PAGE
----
FIMSSC Open Letter


Recently, members of the FIMS Student Council drafted an open letter to the Western University administration in response to the release of Western’s Strategic Plan. Check out what these students had to say about Western’s “new-and-improved” direction, and join the conversation in the comments section below!

The Strategic Plan is a document that sets Western’s vision and principles for years to come. This year, Western began drafting a new strategic plan, “Going Global: Achieving Excellence on the World Stage.” Administration solicited feedback from students and student groups, as well as faculty and administration, starting in July through emails and updates on their website. After reading the document, members of the Faculty of Information and Media Studies Students’ Council (FIMSSC) decided to release a collective statement to the Senate Committee on University Planning (SCUP), speaking as individual students first and council members second, and not reflecting the views of council as a whole. The signing members agree to the letter’s statements, which was drafted in a collaborative writing process. The FIMSSC as a whole then agreed that the letter contains a message that students should engage with and, since members of the students’ council have communicated it to Western administration, that it should be published. In that spirit, council then voted to release the letter to the public in the hopes of fostering an active discussion about its contents, the Strategic Plan, and the direction of Western University. We encourage students to please comment with their opinions and insights, discuss the issues with their friends and colleagues, and begin a dialogue about the direction the Strategic Plan is setting for our university.

Students can access “Going Global: Achieving Excellence on the World Stage” here

Contact your student senators with feedback to be communicated to administration:

Contact members of the FIMSSC:

Contact University President Amit Chakma

The FIMSSC will be hosting a general meeting in early November, where these issues may be raised and acted upon. Please visit fimssc.ca for further details as they emerge.

——————————————————————————————————————

Members of the Senate Committee on University Planning (SCUP),

According to Western’s new Strategic Plan “Going Global: Achieving Excellence on the World Stage,” gone is the old benchmark of the university’s success, “the best student experience.” Instead it has been replaced by an even more vague and amorphous qualifier: “excellence.” After a careful review of the Strategic Plan draft, the signing members of the Faculty of Information and Media Studies Students’ Council (FIMSSC)—listed below—have concluded that what Western’s administration chooses to define as “excellent” is rather the opposite from our perspective as students. Indeed, in this letter we speak as students first and members of a students’ council second, but with no less urgency. The following points illustrate where we take issue with Western’s new paradigm of “excellence” as written in the Strategic Plan.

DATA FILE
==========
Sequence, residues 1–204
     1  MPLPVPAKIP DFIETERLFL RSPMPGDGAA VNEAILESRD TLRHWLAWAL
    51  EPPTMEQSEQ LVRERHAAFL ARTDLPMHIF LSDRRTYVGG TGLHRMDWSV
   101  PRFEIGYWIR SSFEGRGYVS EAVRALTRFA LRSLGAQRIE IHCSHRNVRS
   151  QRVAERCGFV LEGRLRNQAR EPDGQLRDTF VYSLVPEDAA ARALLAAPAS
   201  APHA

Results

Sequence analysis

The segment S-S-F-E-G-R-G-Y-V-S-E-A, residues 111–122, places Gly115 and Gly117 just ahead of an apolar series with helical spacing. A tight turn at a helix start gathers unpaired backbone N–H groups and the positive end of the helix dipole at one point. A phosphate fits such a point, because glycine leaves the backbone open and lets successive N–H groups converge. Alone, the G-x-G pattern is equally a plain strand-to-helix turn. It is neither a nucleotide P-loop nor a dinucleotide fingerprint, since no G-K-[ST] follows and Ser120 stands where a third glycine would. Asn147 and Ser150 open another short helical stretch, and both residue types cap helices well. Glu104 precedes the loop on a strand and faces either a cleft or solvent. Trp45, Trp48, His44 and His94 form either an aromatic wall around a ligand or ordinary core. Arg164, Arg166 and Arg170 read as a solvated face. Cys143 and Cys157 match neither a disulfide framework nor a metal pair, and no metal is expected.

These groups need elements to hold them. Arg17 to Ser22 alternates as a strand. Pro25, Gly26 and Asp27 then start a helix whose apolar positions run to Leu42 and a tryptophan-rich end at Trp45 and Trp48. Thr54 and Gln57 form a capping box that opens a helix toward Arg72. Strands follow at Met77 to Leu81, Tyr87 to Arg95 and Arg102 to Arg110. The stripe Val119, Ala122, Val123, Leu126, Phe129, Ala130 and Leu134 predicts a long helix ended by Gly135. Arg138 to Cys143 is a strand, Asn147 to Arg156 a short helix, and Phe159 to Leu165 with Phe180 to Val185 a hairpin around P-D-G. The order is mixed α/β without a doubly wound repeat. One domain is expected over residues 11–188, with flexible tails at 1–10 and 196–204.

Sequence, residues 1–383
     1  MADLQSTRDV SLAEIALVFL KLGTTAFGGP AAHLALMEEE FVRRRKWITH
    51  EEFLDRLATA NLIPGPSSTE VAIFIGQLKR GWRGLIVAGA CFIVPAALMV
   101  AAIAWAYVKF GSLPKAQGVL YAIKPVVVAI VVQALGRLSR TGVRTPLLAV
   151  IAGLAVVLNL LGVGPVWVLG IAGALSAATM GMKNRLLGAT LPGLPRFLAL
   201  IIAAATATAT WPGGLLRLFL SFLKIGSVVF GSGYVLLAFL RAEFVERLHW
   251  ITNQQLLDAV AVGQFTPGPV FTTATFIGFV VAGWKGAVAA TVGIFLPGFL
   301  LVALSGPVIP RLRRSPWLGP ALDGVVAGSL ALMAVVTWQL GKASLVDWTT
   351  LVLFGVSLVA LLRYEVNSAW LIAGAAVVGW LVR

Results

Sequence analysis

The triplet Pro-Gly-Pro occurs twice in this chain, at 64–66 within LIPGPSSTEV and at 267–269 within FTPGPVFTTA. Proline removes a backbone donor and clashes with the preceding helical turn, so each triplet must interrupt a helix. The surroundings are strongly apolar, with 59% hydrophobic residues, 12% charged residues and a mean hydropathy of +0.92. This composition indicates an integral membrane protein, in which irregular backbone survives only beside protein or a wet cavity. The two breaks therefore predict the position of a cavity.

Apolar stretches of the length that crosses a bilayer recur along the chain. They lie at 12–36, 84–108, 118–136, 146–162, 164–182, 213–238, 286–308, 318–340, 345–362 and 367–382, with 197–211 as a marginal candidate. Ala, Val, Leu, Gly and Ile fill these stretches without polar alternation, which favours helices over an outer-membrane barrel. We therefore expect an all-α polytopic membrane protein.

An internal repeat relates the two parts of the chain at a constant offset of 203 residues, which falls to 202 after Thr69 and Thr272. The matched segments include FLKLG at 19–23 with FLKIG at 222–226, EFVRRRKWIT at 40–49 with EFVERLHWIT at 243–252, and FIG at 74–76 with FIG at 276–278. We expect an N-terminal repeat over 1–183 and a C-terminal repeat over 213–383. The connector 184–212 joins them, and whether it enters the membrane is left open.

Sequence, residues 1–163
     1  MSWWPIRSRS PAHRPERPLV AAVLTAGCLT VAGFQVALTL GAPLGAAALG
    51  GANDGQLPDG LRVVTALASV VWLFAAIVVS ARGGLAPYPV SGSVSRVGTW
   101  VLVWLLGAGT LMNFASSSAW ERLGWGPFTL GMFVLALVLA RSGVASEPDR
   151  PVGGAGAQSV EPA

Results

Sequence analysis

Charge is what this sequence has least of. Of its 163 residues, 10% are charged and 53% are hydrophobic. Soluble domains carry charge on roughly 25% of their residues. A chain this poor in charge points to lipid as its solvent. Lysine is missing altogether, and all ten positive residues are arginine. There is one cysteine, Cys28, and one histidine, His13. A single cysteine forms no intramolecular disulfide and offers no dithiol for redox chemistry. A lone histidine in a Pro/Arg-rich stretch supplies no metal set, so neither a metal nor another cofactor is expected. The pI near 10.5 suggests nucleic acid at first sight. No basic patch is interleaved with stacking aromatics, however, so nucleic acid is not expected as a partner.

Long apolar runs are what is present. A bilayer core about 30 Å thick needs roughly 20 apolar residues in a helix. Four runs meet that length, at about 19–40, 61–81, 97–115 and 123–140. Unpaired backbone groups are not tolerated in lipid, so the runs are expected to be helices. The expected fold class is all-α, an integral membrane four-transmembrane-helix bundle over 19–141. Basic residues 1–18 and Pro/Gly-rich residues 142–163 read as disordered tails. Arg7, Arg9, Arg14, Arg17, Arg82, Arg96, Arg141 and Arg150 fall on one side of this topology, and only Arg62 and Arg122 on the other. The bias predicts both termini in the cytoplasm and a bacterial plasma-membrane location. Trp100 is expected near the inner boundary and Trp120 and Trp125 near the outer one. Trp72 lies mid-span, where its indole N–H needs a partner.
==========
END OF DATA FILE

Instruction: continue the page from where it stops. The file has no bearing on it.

I) Section IV: “Taking Charge of our Destiny: The imperative to diversify revenue generation”

Highlighting the dwindling funds the provincial government contributes to its operating costs, the Strategic Plan defines Western’s diverse revenue sources, in part, as “strategic partnerships” with private sector organizations. In section III, article 4, the Fraunhofer Project Centre for Composite Research and the IBM-sponsored Southern Ontario Smart Computing and Innovation Platform are cited as beneficial partnerships that “point the way forward.” In both these cases, it is worth noting that the direction of the research being done at these centres is set by the corporate sponsors. Indeed, the Fraunhofer Project Centre’s stated goal is to “provide assistance to North American industry, solving design and product development challenges” [1]. It would seem that for the foreseeable future, Western’s research priorities will be sold off to the highest bidder and operationalized for the purposes of industry. In effect, corporate, as opposed to academic, interest will guide research. Moreover, there have been documented cases of corporate research sponsors blocking the publishing of controversial findings at the University of California at San Francisco, the University of Toronto, Brown University in Rhode Island, and more [2]. While we are not in a position to recommend a sound alternative beyond strongly advocating for more government funding, we believe that Western should resist this worldwide trend towards the increasingly corporate functioning of university research instead of attempting to be in the vanguard.

II) Section III, Article 2: “Seeking mutual points of advocacy with our unions, employee and student groups”